Found predominantly along sea coasts or tidal rivers and estuaries, salty soils occur when sodium builds up in the soil. In most areas where rainfall is above 20 inches per year, salt accumulation is rare because the sodium is quickly leached from the soil. However, even in some of these areas, runoff from winter salted roads and sidewalks and salt spray from passing vehicles can create a microclimate in need of salt resistant gardens.
Growing Salt Resistant Gardens
If you have coastal garden where sea salt will be a problem, don’t despair. There are ways to combine gardening with salt water soil. Salt tolerant shrubs can be used to form wind or splash breaks that will protect less tolerant plants. Trees that tolerate salty soil should be planted closely to protect each other and the soil beneath. Mulch your garden of plants that tolerate salty soil and spray them regularly and thoroughly, particularly after storms.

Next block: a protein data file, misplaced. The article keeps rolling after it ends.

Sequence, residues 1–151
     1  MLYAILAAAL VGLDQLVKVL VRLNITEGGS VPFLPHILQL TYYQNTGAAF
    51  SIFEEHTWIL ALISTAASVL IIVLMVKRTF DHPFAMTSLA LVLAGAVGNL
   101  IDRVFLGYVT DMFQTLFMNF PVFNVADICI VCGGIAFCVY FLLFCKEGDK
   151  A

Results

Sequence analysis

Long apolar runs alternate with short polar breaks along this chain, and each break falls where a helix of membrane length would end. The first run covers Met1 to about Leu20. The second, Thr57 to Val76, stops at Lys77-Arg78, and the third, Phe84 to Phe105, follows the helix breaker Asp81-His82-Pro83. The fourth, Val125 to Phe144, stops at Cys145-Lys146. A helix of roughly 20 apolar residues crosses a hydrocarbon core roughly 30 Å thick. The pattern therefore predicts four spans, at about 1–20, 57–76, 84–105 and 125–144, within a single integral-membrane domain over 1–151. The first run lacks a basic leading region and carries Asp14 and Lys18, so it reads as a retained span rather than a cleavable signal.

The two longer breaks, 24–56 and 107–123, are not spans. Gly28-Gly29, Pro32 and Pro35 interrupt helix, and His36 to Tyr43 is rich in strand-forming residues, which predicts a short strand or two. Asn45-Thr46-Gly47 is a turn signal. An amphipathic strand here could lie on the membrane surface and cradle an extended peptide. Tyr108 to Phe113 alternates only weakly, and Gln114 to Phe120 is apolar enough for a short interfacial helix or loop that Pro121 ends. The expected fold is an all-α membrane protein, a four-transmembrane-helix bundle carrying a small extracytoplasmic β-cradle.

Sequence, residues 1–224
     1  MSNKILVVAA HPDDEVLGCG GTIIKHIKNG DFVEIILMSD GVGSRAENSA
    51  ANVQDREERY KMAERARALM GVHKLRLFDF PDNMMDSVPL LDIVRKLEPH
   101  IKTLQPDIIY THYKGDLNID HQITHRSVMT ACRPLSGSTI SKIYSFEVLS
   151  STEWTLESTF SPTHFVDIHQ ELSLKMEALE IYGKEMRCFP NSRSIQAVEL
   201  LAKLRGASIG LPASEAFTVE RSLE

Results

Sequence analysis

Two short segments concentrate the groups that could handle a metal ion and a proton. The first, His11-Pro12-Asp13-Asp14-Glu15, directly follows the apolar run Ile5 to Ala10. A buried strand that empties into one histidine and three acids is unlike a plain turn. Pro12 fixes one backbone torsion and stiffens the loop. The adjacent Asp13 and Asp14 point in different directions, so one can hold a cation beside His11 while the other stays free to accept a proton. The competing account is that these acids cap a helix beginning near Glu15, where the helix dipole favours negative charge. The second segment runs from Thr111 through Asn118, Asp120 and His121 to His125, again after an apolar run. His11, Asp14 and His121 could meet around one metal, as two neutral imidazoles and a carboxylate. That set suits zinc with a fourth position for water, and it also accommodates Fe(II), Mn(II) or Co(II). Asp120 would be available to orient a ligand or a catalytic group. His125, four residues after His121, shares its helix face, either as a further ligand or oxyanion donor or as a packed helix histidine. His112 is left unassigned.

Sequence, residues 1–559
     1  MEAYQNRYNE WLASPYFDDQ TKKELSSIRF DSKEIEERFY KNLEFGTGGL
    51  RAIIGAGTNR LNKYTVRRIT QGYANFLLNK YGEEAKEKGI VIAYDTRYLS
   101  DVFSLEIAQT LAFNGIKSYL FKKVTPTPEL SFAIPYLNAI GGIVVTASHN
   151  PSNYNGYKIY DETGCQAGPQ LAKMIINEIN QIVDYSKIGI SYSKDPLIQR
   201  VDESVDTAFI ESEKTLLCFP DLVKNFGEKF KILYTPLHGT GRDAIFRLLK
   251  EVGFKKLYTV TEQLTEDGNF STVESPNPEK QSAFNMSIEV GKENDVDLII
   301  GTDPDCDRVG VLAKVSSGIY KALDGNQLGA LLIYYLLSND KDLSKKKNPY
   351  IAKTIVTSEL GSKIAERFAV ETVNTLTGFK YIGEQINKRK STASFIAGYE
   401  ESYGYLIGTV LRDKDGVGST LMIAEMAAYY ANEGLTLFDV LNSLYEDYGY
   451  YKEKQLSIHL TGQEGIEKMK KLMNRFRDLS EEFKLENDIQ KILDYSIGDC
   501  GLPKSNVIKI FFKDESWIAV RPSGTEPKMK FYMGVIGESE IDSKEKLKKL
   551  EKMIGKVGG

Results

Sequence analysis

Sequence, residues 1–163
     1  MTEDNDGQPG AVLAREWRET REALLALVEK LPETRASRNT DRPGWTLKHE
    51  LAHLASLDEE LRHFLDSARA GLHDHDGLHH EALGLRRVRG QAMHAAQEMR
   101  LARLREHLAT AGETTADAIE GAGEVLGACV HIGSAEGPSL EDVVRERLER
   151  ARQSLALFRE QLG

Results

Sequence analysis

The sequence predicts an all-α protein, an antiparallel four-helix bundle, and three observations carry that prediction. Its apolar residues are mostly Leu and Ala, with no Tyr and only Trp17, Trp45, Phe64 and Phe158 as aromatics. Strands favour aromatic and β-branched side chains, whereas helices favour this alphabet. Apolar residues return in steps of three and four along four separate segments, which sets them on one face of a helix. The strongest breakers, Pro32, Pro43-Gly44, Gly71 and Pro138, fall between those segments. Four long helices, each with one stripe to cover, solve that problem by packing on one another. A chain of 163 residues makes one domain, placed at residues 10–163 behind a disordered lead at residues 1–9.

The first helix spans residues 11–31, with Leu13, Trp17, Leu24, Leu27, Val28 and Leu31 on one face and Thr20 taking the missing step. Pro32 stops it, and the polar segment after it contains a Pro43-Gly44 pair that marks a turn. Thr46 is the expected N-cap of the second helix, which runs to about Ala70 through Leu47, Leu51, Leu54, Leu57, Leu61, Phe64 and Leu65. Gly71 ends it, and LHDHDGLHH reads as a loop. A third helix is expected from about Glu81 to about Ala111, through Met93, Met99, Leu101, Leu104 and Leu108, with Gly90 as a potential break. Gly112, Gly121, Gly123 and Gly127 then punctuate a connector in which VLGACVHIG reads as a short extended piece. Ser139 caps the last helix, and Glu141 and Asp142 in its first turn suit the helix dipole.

Plants That Tolerate Salty Soil
Trees That Tolerate Salty Soil
The following is only a partial list of trees that tolerate salty soil. Check with your nursery for size at maturity and sun requirements.
Thornless Honey Locust
Eastern Red Cedar
Sand Live Oak
Japanese Black Pine
Shrubs for Salt Resistant Gardens
These shrubs are ideal for gardening with salt water conditions. There are many others with moderate tolerance.
Perennial Plants That Tolerate Salty Soil
There are very few small garden plants that tolerate salty soil in high concentrations.
Prickly Pear Cactus
Moderately Salt Tolerant Perennial Plants
These plants may do well in your garden and sea salt or salt spray will not be a problem if they are well protected.
Hardy Ice Plant
Cheddar Pinks (Dianthus)
Hens and Chicks
Gardening with saltwater conditions can be a problem, but with thought and planning, the gardener will be rewarded with an amazing special place as unique as its surroundings.